The threat group believed to be responsible for the attack on IT management company SolarWinds has developed new malware as it continues to target organizations that possess data relevant to Russian interests.
One year has passed since the discovery of the breach at SolarWinds and — despite their activities being analyzed and exposed by cybersecurity companies and researchers — the threat actor that launched the attack continues to target governments and private businesses, with their main goal apparently being the theft of data that could be useful to the Russian government.
Incident response and threat intelligence firm Mandiant on Monday published a new report describing the threat group’s most recent activities. The company tracks the threat actor and apparently related activity clusters as UNC2452, UNC3004 and UNC2652. Microsoft tracks the group as Nobelium, while others have linked the attacks to APT29 and Cozy Bear. There is wide consensus that the activity is conducted by a Russian intelligence agency.
In its new report, Mandiant reveals that the hackers have been using a new, custom downloader named CEELOADER. The malware is installed using the Cobalt Strike Beacon implant and it serves as a downloader that decrypts a shellcode payload executed in the compromised device’s memory.
Luke Jenkins, senior analyst at Mandiant, told SecurityWeek that CEELOADER was first identified on victims’ systems in the third quarter of 2021.
Jenkins noted that Microsoft currently tracks the malware as a variant of VaporRage, which the tech giant described in May. However, the expert has pointed out that while CEELOADER does share some similarities with VaporRage — they both function as a downloader for a second-stage encrypted payload — CEELOADER has junk code and other changes to make analysis more difficult. In addition, CEELOADER uses AES-256 to encrypt payloads, whereas VaporRage relies on a basic XOR algorithm.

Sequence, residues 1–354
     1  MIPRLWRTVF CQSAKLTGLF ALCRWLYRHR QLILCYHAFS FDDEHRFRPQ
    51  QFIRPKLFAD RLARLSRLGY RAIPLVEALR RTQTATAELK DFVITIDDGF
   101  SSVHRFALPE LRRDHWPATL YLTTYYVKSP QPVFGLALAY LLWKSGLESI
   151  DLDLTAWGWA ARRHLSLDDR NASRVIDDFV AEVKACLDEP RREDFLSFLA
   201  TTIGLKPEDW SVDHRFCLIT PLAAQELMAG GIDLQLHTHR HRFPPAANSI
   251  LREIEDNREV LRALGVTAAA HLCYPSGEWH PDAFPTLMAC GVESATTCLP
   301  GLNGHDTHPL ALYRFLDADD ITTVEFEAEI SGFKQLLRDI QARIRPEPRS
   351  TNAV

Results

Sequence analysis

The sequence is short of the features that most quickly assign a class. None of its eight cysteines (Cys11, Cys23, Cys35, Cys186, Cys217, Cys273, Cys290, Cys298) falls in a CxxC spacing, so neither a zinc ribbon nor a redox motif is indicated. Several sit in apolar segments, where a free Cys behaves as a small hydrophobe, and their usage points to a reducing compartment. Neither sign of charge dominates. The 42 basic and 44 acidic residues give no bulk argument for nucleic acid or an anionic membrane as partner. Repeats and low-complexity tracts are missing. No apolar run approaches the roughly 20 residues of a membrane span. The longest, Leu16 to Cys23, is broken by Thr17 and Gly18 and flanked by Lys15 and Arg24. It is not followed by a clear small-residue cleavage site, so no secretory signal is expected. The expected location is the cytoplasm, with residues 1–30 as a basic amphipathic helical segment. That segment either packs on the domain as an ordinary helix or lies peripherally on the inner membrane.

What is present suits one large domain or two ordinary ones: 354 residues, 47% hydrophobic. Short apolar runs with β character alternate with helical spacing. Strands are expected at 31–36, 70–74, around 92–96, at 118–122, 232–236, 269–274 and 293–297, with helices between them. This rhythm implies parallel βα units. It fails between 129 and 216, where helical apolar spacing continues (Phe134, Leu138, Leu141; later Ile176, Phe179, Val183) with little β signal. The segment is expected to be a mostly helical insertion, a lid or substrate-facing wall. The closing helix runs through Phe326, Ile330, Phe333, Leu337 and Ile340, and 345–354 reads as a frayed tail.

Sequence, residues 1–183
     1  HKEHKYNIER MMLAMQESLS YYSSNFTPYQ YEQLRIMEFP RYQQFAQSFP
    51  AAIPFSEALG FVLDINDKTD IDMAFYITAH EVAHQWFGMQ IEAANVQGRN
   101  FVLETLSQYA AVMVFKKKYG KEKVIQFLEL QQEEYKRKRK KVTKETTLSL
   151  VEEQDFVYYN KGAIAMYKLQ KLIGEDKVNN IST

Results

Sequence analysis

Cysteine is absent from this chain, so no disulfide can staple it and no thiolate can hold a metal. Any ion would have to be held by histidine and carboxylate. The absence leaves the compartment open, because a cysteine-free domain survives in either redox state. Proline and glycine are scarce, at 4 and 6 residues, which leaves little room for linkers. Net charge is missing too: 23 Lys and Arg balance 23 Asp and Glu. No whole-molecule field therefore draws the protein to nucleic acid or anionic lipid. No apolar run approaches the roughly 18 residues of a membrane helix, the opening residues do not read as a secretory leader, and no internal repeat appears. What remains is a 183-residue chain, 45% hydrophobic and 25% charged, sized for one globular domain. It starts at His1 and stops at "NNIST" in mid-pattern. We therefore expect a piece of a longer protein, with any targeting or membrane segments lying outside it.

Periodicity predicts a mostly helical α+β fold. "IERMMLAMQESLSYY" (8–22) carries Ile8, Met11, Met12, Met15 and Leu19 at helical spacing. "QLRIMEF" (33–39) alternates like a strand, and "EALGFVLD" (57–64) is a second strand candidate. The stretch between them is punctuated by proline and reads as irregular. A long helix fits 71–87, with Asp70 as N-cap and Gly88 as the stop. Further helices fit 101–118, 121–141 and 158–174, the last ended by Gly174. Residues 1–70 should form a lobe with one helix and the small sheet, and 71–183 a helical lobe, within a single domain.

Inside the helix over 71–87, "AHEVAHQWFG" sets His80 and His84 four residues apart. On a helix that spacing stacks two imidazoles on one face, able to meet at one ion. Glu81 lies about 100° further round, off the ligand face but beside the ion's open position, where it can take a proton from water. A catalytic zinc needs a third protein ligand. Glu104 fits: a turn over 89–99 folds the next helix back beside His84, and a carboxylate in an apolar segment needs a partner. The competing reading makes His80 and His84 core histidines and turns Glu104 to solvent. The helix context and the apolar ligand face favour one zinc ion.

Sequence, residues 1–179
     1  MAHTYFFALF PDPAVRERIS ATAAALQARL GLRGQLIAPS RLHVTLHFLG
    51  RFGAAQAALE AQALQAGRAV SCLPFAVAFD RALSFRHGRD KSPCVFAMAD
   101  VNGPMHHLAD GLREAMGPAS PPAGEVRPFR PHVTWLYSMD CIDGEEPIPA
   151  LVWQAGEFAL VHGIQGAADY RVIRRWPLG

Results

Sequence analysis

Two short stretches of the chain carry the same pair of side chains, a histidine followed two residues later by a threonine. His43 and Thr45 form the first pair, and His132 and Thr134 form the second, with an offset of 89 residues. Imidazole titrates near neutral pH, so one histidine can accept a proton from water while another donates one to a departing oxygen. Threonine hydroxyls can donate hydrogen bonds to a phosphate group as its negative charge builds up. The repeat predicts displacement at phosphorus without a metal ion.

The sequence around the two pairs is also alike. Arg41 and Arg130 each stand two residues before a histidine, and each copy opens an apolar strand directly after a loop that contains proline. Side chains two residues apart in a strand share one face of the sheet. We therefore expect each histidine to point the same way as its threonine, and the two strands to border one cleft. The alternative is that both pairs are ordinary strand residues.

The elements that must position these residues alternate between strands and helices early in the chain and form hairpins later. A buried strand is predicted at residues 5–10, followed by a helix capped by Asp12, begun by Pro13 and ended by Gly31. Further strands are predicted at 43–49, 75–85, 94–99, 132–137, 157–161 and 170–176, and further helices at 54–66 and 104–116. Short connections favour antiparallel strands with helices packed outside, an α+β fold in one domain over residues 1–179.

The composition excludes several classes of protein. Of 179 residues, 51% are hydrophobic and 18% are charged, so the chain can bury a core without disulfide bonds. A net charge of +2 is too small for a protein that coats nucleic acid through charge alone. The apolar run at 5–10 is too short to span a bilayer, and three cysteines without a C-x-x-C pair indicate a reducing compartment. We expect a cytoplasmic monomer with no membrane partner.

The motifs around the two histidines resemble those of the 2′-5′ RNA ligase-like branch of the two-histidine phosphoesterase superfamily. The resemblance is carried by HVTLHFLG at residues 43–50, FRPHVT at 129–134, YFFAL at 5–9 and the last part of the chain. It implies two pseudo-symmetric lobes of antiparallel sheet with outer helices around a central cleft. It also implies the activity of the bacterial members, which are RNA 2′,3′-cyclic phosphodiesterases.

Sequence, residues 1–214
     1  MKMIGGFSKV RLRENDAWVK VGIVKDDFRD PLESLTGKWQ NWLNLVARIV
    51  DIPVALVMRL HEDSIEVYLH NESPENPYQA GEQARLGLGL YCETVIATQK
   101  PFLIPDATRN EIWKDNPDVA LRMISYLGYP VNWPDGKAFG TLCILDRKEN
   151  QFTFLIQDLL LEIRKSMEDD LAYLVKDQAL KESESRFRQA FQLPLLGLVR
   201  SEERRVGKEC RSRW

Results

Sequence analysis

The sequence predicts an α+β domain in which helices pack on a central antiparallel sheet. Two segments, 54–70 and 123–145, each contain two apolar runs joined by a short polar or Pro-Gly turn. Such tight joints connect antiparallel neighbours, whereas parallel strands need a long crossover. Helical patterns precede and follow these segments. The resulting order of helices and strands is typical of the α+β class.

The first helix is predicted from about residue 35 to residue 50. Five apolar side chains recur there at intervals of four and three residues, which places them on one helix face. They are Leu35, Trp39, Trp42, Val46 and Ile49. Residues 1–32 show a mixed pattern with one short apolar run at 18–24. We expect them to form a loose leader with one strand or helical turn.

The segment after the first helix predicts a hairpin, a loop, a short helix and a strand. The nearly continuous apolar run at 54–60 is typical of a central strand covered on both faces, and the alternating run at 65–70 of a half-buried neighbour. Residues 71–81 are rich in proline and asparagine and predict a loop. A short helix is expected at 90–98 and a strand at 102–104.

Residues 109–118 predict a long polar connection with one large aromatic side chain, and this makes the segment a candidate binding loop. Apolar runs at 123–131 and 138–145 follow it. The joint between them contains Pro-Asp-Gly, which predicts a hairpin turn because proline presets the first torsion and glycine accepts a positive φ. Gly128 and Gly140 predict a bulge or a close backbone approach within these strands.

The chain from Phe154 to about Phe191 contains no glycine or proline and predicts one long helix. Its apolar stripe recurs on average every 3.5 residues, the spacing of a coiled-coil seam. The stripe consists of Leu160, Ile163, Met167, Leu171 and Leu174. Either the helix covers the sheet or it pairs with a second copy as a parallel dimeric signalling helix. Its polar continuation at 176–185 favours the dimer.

“The use of CEELOADER continues to demonstrate that this threat actor is well resourced and when needed, can develop custom malware to fit their needs,” Jenkins said.
Doug Bienstock, incident response manager at Mandiant, said in an email that the threat actor’s targeting has largely remained consistent over the last few months.
“The threat actor is ultimately interested in government, consulting, and NGOs that have data of interest to the Russian government,” Bienstock said.
In its latest report, Mandiant also described the group’s use of credentials likely obtained from an info-stealer malware typically used by cybercriminals, and methods used to bypass multi-factor authentication. The report also describes the use of accounts with application impersonation privileges for harvesting mail data, the use of residential IP proxy services and newly provisioned geo-located infrastructure to communicate with compromised systems, and new methods used by the attackers to bypass security restrictions.
Despite their operations being exposed following the SolarWinds supply chain attack, the cyberspies have continued targeting companies that provide tech solutions and services in an effort to reach their targets.
In an October report on Nobelium activities, Microsoft said it had informed more than 600 customers about roughly 23,000 attacks since July.
On Monday, France’s national cybersecurity agency ANSSI also issued an alert regarding Nobelium attacks. The agency warned that it had been aware of phishing campaigns aimed at French entities since February 2021. ANSSI has made available indicators of compromise (IoCs) and other information associated with the attacks.
“These campaigns have succeeded in compromising email accounts belonging to French organisations, and then using these to send weaponised emails to foreign institutions. Moreover, French public organisations have also been recipients of spoofed emails sent from supposedly compromised foreign institutions,” the agency said.